Thursday, August 11, 2011

Mobile Bookstores in Shanghai

In recent years, e-books have had a large impact in the mobile domain.  Not only can e-books be read on many mobile devices but they can be purchased as well.  While e-books are probably already familiar to most readers of this blog, these mobile books may not be:

At the Wujiang Road pedestrian street in Shanghai

On the right is a "mobile bookstore".  I've seen similar elsewhere in Shanghai.  It's not uncommon to find such vendors with an ample supply of English books.  The books are typically (always?) copies.  The quality can vary -- the binding won't be as strong, the ink may smear more easily, the print quality may be slightly blurry or offset, etc.

Why are English books common at these mobile bookstores?  I suspect these two issues are important:
  • Especially in comparison to Chinese books, English books can be rather pricey in Shanghai.  So, it's easier for a copy to be cheaper and be more attractive to consumers.
  • Overall, the selection of English books at "proper" stores in Shanghai is not, shall we say, stellar.  While mobile bookstores may not have a large number of books, sometimes the selection can be more interesting (for my tastes at least) and/or include books not found elsewhere.
To varying degrees similar issues hold for DVDs and software as well.  In a later post, I'll share some stories about my own experiences trying to buy genuine DVDs and software in China.  Sometimes, even if you want to buy genuine you can't.


  1. After I discovered mobile bookstores in Beijing, I was so much happier. :)

  2. On a number of levels regarding government control as well as the obvious issues with selling illegal knock-off goods, I am surprised that local authorities allow these vendors to exist openly. Given Myra's comment however, apparently they are providing a service niche? W.C.C.

  3. W.C. Camp, Well, it can depend on when and where as to how open such vendors can be. I'll touch on this more when I write about software & DVDs.

    Myra, glad you're happy. I also hear that Beijing has a Page One bookstore. I have yet to visit that one, but it's one of my favorites in Hong Kong and Taipei.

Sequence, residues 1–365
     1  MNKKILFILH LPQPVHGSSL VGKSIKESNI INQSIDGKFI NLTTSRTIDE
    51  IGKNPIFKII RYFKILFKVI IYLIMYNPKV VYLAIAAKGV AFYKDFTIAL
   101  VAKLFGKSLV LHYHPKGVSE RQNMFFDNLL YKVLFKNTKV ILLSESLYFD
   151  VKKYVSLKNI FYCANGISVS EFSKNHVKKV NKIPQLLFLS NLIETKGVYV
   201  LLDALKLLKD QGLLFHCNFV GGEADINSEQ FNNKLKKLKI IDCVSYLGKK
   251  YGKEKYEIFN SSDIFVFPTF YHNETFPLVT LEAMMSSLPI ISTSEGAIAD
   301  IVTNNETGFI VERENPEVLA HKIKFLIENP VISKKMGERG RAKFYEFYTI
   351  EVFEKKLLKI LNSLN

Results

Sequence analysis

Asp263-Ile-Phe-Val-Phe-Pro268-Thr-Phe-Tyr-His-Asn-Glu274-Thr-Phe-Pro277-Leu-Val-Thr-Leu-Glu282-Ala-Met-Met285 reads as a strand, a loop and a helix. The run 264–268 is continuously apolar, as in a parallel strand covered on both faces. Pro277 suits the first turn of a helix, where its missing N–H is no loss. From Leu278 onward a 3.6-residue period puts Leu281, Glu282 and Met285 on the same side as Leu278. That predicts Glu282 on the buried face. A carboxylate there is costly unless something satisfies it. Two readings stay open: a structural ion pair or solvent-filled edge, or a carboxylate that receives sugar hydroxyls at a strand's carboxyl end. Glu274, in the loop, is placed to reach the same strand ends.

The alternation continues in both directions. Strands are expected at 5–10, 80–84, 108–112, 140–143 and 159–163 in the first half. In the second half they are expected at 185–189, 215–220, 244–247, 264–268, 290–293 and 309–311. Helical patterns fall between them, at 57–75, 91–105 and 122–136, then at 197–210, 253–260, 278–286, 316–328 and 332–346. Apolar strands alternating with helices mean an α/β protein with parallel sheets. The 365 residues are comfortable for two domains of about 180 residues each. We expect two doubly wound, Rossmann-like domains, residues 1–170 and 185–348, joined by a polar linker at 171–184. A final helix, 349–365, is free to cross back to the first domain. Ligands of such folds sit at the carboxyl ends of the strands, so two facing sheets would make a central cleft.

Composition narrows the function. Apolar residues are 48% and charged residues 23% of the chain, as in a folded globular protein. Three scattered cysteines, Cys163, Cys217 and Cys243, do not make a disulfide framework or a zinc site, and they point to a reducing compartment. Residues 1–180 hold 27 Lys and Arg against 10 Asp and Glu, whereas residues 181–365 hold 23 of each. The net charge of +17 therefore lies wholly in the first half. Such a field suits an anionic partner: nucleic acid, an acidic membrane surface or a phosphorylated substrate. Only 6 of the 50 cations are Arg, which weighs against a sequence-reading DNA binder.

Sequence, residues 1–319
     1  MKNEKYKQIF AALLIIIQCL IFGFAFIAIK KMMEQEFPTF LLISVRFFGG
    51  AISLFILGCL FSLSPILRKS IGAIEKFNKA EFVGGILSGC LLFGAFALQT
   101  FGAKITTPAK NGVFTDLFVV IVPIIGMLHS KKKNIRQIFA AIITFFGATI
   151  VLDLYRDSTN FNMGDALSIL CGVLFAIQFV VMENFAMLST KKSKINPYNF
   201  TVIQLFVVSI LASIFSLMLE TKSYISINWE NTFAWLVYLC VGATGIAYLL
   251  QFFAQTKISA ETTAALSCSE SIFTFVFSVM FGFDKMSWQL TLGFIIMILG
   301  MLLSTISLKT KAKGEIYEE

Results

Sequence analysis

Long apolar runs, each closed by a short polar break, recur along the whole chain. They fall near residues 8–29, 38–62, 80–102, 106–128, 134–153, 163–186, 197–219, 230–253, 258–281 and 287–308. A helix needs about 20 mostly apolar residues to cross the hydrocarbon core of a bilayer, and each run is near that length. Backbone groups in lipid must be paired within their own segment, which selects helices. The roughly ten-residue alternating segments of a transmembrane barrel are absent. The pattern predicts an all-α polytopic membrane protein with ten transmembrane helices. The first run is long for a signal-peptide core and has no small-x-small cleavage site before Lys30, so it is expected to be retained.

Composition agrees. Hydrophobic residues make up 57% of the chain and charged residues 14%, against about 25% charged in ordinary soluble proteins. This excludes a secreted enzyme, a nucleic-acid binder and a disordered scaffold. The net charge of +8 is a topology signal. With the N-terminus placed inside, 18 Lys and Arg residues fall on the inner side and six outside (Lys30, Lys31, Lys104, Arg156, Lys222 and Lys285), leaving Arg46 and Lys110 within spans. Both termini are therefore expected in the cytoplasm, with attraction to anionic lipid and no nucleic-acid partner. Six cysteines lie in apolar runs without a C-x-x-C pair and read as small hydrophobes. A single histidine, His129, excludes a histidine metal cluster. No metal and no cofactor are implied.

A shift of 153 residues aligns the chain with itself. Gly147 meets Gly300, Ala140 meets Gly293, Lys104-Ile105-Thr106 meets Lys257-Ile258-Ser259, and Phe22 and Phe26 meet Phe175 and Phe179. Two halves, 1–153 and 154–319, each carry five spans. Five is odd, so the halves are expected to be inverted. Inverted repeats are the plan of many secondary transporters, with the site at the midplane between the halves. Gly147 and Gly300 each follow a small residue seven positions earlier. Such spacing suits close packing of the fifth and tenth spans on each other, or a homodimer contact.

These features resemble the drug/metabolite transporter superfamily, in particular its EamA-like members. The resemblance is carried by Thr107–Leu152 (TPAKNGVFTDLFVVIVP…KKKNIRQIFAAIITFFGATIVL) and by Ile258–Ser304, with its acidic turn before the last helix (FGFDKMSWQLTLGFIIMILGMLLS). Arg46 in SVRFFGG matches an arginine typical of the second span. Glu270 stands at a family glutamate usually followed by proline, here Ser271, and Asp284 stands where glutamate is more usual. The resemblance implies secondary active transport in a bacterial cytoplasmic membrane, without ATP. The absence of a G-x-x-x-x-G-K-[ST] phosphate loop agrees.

4. I agree with you though that many times, these mobile booksellers have titles that are hard to find. I have seen them clear out when the police come by and then return once the police leave. It's kind of hard to take the police seriously though when they also buy from the the mobile book sellers.

  5. Crikey, some of my most prized book shelf items were purchased from mobile sellers; eg history of surfing, surf art, 1000 great album covers, books on parrots and similar. Not so well served in the history and fiction department though.

  6. Apologies, another. I completed my film education in Fuzhou bigtime. For some reason the underground bootleg dvd factories just outside this city produce very high quality stuff, unlike the crap sold in other Chinese cities.

    I assembled a complete film noir collection, tons of cult, South American and hard to get Japanese stuff from the 50s - 70s, in addition to the best of Europe going back to the 1920s. Many with directors commentary I migh add.

    And here I am not talking about mainstream Hollywood dreck. I had no sooner finishing researching a film, than I came across it in one of the six shops I visited on a regular basis.

    It was teenage heaven to put it mildly, and it provided me with the ammunition to write a few film reviews on my first blog.

    Ever walked through Western customs with a 1000 dvds in your back pack. I did and punished the beagle for the confiscation of a packet of cashews by treading on the over eager little s....s foot.

    Fuzhou is a pretty crappy 2nd tier city, but all that was of little consequence considering the finishing moments of my film education.